El disidente y el Mahatma

NUEVA DELHI – Con la entrega del premio Nobel de la Paz este mes sin la presencia del galardonado de este año, el encarcelado disidente chino Liu Xiaobo, podría ser oportuno recordar a un hombre que nunca ganó ese premio: el Mahatma Gandhi. Pese a esa omisión, no cabe duda de la importancia mundial de Gandhiji, también para Liu.

Ahora la imagen del Mahatma aparece en campañas publicitarias de cualquier cosa: desde computadoras Apple a plumas Mont Blanc. Cuando la película Gandhi de Richard Attenborough arrasó con los Oscars en 1983, los carteles de la película proclamaban que “el triunfo de Gandhi cambió el mundo para siempre”, pero, ¿de verdad fue así?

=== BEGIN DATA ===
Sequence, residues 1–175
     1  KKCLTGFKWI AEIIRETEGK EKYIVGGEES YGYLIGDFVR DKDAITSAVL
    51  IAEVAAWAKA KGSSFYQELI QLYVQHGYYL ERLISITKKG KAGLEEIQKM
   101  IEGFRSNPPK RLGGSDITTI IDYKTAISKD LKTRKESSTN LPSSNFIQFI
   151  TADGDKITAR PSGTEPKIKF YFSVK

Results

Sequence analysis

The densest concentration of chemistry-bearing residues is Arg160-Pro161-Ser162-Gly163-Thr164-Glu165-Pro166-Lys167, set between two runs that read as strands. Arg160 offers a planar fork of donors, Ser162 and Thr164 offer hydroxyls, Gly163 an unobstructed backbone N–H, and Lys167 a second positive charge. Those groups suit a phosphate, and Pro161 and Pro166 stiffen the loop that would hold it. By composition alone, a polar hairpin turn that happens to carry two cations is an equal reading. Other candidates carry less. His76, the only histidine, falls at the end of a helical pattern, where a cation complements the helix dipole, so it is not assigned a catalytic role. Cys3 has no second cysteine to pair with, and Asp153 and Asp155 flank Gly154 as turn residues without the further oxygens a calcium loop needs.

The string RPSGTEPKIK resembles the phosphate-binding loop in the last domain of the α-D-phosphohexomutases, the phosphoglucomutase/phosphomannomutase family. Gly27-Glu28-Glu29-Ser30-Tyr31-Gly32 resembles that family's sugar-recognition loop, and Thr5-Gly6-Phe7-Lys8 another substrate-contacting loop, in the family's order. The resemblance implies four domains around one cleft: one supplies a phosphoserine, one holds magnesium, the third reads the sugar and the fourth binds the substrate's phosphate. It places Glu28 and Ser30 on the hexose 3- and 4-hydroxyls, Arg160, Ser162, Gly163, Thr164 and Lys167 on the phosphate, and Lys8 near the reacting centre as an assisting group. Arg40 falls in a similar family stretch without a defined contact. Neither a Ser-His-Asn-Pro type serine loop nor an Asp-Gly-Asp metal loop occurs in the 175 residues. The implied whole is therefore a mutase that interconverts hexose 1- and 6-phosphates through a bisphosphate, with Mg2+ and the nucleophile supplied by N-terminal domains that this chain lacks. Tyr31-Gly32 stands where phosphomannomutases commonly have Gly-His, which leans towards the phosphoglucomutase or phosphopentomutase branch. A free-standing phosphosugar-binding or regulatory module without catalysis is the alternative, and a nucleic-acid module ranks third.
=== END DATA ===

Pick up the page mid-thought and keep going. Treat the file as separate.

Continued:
La defensa del cambio encabezado por Gandhi corresponde principalmente al dirigente americano de los derechos civiles Martin Luther King, Jr., que asistió a una conferencia sobre Gandhi, compró media docena de libros sobre el Mahatma y adoptó la satyagraha como precepto y método. Al encabezar la lucha para acabar con la segregación en el sur de los Estados Unidos, King utilizó la no violencia más eficazmente que nadie fuera de la India. “El odio engendra odio. La violencia engendra violencia”, declaró memorablemente. “Debemos afrontar las fuerzas del odio con la fuerza del alma”.

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